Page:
Changing Ecologies of Knowledge and Action (CEKA) update
In conjunction with the Human-Centred Computing group at the Department of Computer Science, Dr Louise Bezuidenhout was awarded an EPSRC GCRFC grant for the project Ethical Equipment Hackathon for Improved R&D Capacity in LMIC. This project addresses a key challenge for research in low and middle-income countries, namely the scarcity of laboratory equipment. While considerable effort has been made to improve R&D capacity in these regions, many research facilities still struggle with a lack of “core funding” to maintain and upgrade natural/life science laboratory facilities. A common problem involves the difficulty of acquiring and maintaining the small pieces of software-based equipment that are vital for daily research activities. The absence of this equipment slows research progress and the time taken to train and graduate students, and affects the range of research streams available to scientists in these settings.
Rather than attempting to overcome resource shortages through one-off capital investments, the project will pilot a novel hackathon format, in which local researchers will design and produce equipment in situ and develop long-term skills. The first hackathon will take place in Harare, Zimbabwe, in early 2018 and will bring together multidisciplinary groups of students from computer science, engineering, natural/life science, social science and economics. They will be challenged to design and produce software-based laboratory equipment. Their work will be assessed by local expert judges according to a number of categories including simplicity of design and cost-effectiveness, ethics and responsible design principles, contextual appropriateness and user-responsiveness.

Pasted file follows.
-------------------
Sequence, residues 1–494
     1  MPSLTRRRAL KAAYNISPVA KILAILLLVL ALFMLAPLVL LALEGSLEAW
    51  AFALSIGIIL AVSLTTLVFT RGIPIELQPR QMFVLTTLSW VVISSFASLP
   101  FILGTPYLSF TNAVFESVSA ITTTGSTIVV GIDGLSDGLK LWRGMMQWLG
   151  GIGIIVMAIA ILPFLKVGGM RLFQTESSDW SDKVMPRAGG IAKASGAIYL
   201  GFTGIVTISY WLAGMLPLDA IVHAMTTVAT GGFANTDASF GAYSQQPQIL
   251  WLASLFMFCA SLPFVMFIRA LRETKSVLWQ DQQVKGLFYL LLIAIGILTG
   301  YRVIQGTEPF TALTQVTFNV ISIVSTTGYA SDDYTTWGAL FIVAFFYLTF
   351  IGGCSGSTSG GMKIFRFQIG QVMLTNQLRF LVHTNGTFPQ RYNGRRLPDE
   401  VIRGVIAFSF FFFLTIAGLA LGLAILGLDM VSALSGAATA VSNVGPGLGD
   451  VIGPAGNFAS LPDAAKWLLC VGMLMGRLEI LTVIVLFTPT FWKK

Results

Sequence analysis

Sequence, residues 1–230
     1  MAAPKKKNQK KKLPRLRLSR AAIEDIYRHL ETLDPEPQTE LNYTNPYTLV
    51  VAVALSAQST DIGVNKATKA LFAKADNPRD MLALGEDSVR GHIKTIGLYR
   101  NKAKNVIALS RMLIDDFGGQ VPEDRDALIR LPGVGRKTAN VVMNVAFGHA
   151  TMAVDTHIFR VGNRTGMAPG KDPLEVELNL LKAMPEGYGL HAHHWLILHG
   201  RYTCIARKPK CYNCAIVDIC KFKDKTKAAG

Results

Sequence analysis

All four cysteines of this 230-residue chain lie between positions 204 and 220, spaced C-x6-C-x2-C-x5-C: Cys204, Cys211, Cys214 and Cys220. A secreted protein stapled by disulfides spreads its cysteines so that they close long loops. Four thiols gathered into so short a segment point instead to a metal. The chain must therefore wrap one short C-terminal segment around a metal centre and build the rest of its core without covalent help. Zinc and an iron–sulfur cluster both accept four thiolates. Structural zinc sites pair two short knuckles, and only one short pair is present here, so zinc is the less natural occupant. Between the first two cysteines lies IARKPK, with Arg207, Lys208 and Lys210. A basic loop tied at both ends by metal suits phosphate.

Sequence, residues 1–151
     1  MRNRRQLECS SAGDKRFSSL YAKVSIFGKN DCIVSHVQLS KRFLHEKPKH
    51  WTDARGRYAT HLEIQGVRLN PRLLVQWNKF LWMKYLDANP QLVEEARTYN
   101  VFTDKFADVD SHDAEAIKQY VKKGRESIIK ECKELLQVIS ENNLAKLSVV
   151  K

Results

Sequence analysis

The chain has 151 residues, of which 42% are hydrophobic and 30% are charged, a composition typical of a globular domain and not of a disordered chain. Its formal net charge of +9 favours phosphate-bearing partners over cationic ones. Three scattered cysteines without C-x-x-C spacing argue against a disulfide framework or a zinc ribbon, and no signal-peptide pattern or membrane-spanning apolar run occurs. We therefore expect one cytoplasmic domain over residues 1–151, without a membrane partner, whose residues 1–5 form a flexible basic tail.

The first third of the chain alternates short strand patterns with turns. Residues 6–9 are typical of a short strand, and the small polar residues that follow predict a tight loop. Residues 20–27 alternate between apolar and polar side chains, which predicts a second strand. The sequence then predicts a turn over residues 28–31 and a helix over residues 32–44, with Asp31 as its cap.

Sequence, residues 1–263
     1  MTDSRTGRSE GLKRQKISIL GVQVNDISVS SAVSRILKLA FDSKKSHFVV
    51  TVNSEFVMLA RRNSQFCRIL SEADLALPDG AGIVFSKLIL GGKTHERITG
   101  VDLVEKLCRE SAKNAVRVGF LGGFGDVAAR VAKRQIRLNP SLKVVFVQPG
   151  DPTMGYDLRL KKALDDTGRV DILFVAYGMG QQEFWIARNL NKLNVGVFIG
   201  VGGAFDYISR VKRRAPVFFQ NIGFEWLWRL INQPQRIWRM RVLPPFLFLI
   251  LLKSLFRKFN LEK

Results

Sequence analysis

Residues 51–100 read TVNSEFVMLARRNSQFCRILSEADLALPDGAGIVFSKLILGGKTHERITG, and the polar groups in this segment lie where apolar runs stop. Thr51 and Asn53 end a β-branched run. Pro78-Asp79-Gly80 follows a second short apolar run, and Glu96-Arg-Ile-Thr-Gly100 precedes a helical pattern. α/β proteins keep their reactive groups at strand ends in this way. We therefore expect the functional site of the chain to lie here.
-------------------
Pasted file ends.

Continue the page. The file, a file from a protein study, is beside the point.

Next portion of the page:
The project webpage can be found here: http://www.cs.ox.ac.uk/projects/EthiHack/